tl;dr
Scientific data often requires a number of transformations before analysis; sum scores, log transformations, ztransformations, centering, etc. For those who’ve missed it, jamovi provides a very sexy ‘compute variables’ facility.
Adding Computed Variables
As of version 0.8 of jamovi, there are two types of variables (or columns); ‘data’ variables and ‘computed’ variables. Data variables are the variables we’re used to; static numbers which are either loaded from a data file, or typed in. Computed variables are those that take their values from performing a computation on other variables. As we’ll see, a range of different computations are possible.
Adding computed variables to a jamovi spreadsheet is straightforward, either:

Select ‘Add variable’ from the data tab

Right click on the column header, and select ‘Add variable’
Adding a new computed variable adds an empty column with a icon. To set up the computed variable, either doubleclick on the column header, or select Setup
from the data tab. This allows us to specify a formula for the column, and looks as follows:
Now, lets demonstrate a couple of use cases for the computed variables.
Mean scores
We’ll begin with a simple example of mean scores using the Bugs
data set (Ryan, Wilde & Crist, 2013) that is available in jamovi ( Open Examples). In this data set, participants rated how much they wanted to get rid of different categories of repulsive insects. The columns LDLF
, LDHF
, HDLF
and HDHF
represent the ‘repulsiveness ratings’ across different categories. We can calculate a mean ‘repulsiveness rating’ for each participant by taking an average of these four scores. We do that with the MEAN()
function, and specify the formula as follows:
As can be seen, the computed column now contains the mean of those four values.
It’s important to note that these values continue to function as ‘computed values’. Changing any of the source columns (LDLF
, etc.) will result in the values of the computed column being automatically updated (and any analyses making use of these columns will update too!). This is different to pseudospreadsheets such as SPSS. Once a variable in SPSS is computed, it is ‘dead’; it becomes another data column and it isn’t clear where the data came from. In contrast, computed variables in jamovi remember their ‘state’, allowing people to come and inspect how values are computed, and allowing people to go on and make further changes.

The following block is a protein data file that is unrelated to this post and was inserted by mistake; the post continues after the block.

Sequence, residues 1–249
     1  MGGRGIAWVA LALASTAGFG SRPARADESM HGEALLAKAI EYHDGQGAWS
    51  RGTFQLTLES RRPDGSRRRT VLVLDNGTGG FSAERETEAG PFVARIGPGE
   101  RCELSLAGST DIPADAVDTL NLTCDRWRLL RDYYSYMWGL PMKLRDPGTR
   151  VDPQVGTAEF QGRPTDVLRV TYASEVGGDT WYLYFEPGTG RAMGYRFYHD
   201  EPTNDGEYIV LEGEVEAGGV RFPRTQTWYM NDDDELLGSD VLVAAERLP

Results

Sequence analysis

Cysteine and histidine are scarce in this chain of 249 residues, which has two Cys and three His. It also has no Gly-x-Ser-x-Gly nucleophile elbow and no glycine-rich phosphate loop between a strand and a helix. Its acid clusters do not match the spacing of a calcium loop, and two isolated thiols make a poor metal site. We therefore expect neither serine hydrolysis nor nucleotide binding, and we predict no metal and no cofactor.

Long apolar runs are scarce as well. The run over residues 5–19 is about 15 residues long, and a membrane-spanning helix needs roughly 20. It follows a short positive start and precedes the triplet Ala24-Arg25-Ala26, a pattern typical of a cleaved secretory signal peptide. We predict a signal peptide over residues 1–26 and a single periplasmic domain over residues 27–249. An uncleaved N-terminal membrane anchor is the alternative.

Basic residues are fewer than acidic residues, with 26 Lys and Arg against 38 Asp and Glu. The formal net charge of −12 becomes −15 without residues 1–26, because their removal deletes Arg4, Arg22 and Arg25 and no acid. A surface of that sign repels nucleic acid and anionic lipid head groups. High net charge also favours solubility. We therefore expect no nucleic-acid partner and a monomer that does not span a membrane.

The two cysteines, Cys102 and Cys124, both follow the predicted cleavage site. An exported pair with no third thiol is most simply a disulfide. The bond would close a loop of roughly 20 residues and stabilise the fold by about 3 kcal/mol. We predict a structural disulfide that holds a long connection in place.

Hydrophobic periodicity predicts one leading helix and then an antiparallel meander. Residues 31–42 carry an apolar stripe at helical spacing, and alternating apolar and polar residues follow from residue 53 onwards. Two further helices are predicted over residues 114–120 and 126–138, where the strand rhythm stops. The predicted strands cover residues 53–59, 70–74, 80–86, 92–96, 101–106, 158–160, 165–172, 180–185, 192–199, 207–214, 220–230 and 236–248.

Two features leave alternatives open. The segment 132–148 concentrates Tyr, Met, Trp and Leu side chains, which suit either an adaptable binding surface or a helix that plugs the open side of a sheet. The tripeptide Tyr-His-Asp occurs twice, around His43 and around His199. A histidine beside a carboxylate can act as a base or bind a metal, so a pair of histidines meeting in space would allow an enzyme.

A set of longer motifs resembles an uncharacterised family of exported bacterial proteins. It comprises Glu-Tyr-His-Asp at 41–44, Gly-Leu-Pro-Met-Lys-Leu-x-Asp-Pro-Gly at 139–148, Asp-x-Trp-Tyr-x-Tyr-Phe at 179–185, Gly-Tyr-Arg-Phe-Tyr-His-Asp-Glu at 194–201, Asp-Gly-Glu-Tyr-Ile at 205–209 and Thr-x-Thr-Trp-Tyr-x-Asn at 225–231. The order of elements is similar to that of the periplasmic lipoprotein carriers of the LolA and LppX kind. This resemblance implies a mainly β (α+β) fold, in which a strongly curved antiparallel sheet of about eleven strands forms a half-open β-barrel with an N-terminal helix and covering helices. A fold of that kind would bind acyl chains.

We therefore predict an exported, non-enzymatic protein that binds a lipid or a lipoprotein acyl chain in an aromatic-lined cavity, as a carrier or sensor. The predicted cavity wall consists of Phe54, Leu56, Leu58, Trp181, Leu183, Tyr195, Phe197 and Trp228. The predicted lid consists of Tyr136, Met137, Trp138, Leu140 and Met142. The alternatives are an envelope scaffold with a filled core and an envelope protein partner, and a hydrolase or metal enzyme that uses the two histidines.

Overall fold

Centred variables (intro to V
functions)
A common transform in data analysis is centering variables. In centering, each measurement of a variable has the variable’s overall mean subtracted. However there’s an issue here. The MEAN()
function we’ve seen works across variables, one row at a time. What we want here is to take the overall mean of a variable and subtract it from each measurement. For this, jamovi provides special overall functions, or variable functions, which are prefixed with a V
. To calculate the variable mean, we use VMEAN()
.
So for a variable containing the centred values of the LDLF
we would use the formula:
LDLF  VMEAN(LDLF)
We can actually do some pretty cool stuff with V
functions. Here’s a zscore:
(LDLF  VMEAN(LDLF)) / VSTDEV(LDLF)
Simulation
This is super cool! No really.
Easy, live simulation can be a powerful demonstration in teaching statistics. I won’t dwell on it too much here, because Ravi wants to do a dedicated blog post on the subject, but the simulation functions in jamovi allow some really cool demonstrations.
In the following example, we simulate data from two populations with systematically different means and then run a ttest on these simulated data. We can adjust the means and the error component, and see how this effects the ttest results (remember, the results update live!).
Again, stay tuned for a future post where we explore these ideas more.
Future development
Although the computed variables in jamovi are already a useful tool for students and researchers alike, they are not yet complete. There are several areas where we intend to improve their functionality. These are:
 More functions (these are generally pretty easy to add, so drop us a line if there’s something important to your field missing)
 The ability to simulate categorical data
 Specialised UIs for common scenarios (it can be tedious to type a formula summing 20 variables, for example)
 Recoding of variables
So stay tuned and make sure to follow us on twitter / facebook / linkedin to keep uptodate.
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